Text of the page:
The Martial strategy of Sun Tzu…Attack by Stratagem Part I

The Martial strategy of Sun Tzu…Attack by Stratagem Part I

“In the practical art of war, the best thing of all is to take the enemy’s country whole and intact; to shatter and destroy it is not good.

Hence to fight and conquer in all your battles is not supreme excellence, supreme excellence consist of breaking the enemy’s resistance without fighting.

Thus the highest form of generalship is to balk the enemy’s plan; the next best is to prevent the junction of the enemy’s forces.

Therefore, the skillful leader subdues the enemy’s troops without any fighting; he captures their cities without laying siege to them; he overthrows their kingdom without lengthy operations in the field.

With his forces intact he will dispute the mastery of the Empire, and thus, without losing a man, his triumph will be complete. This method of attacking by Stratagem.”

 

Sun Tzu mentions “breaking the enemy’s resistance” and “subduing the enemy” without fighting. So how can we apply this idea to self-defense?  I know I will probably get some eye rolling with this but it really is obvious and not followed by so many people.  I know you have probably heard it all before but it has to be mentioned.  The best option you have is situational awareness.  Avoiding being in a bad situation in the first place is the best defense. This is the fighting without fighting. It is not just something in a bad 1970’s Kungfu movie (The art of fighting without fighting).  Your strategy of life should not start the moment you are attacked.  You should merge good strategy in with your everyday life. Using your brain power to avoid being in or where a conflict might begin.  Although in a sense this is relatively simple and an exercise in common sense it is at the same time somewhat difficult to convey because people are generally looking for a “what do I do if they do that” sort of answer.  This way of thinking will never work because, just like in martial arts practice, whatever response you practice to one situation there will always be a different situation where that response does not work.  This is where learning some principles that you can apply in any situation is better.  Let’s start with a simple one.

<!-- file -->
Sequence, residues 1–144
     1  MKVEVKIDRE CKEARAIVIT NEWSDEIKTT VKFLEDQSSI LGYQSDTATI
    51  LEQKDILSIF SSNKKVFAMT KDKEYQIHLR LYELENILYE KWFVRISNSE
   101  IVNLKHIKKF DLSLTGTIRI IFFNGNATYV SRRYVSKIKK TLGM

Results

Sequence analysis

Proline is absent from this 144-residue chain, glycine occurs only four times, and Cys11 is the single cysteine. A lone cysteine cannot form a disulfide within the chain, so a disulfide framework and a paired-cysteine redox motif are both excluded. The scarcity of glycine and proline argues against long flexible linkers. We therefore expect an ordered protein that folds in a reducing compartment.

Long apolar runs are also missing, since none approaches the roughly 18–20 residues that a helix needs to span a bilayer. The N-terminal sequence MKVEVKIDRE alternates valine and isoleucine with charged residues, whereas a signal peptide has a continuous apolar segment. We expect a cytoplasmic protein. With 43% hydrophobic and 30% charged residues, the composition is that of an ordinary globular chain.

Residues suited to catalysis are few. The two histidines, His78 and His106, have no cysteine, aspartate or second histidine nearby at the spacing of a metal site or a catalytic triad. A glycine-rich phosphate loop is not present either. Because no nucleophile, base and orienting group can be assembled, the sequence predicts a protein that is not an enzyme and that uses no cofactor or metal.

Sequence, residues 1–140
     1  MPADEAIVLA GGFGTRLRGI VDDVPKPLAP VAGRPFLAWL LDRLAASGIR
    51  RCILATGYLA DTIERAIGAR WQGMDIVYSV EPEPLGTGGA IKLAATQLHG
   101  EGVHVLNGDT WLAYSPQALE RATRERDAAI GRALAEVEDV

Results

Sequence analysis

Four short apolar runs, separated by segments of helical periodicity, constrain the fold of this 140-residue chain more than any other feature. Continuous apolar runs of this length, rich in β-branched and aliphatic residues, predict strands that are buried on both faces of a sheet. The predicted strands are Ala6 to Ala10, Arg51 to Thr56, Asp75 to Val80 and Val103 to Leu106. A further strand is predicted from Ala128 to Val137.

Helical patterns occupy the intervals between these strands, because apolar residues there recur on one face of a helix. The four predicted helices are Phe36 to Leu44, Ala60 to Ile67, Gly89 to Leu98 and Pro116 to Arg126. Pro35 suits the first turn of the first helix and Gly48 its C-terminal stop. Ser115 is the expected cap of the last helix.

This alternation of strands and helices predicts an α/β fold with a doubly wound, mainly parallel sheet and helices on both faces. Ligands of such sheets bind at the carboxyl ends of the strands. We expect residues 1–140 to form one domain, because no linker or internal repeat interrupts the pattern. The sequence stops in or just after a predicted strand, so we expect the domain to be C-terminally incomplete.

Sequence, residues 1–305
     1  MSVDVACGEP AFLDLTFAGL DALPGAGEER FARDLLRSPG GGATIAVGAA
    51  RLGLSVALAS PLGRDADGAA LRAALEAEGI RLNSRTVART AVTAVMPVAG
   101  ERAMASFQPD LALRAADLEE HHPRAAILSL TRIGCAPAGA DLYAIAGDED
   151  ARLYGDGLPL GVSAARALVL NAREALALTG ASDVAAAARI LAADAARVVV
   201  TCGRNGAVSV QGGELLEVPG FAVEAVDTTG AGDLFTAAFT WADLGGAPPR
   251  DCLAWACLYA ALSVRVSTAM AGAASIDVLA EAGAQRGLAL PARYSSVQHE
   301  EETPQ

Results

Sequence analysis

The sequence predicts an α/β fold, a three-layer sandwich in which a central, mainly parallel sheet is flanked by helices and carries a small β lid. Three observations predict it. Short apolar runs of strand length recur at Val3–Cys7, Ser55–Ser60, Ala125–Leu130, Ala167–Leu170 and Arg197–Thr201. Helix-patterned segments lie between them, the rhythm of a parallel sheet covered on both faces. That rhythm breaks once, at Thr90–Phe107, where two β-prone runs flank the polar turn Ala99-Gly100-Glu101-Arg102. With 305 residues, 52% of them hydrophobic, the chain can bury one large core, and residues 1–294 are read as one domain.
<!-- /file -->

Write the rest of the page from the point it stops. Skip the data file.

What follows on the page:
Principle #1 Darkness is not your friend.

Where are you most likely to be attacked, in the daytime or at night? In the dark or a well-lit area?  Well obviously in the dark or at night.  The darkness gives the attacker an advantage because he has surprise and the cloak of darkness on his side.  So ideally if we avoid being by ourselves in dark places that eliminates that threat right?  Well, yes it does but of course life is not that simple.  The principle here is to recognize that being in the dark especially on your own puts you at a high risk. So if it can be avoided that is the simplest way. So if you have to go into a dark area what can you do?  The first thing is don’t go alone. Go in a group or at least with one other person.  Having someone else with you will not stop all attackers but it improves your chances, if you are attacked, greatly.

Another very simple concept is parking your car in a well-lit area not in a space that you know will be dark when you come back out.  While you are still inside the building where there is light, get your keys out and have the key to your car between your fingers before you exit the building.  This way when you get to the car you are ready to quickly open it, get in, and look the car door behind you.  Many women will walk to their car with their keys in their purse and then stand by the car in the dark rummaging through the purse trying to find the keys.  The whole time they are focused on finding the keys they are not looking and aware of who may be in the shadows.

 

Principle #2 Be aware of who and what is around you.

The next principle is to be generally aware of your surroundings.  Whether it is dark or light this makes sense.  Look around how many people do you see walking around with a phone in their face.  Are they aware of what is going on around them?  They don’t even need an attacker.  How many have you heard that have walked into things, walked in front of cars, fallen into holes?  I even saw a video recently of someone walking right off the edge of the platform in a subway and then get hit by a train!  How are these people aware?  When you are moving in an unfamiliar place keep your eyes open and be aware of who and what is going on around you. Don’t totally focus on something right in front of you, like the phone.

Another good example of this is going to an ATM machine.  People will go up to the machine and then get engrossed in putting in their numbers and checking their balance but are totally unaware that someone has come up behind them.  Before they know it they are getting mugged. This is why they put those little convex mirrors right at eye level.  Even if you need to keep looking forward with the mirror you can still see behind you.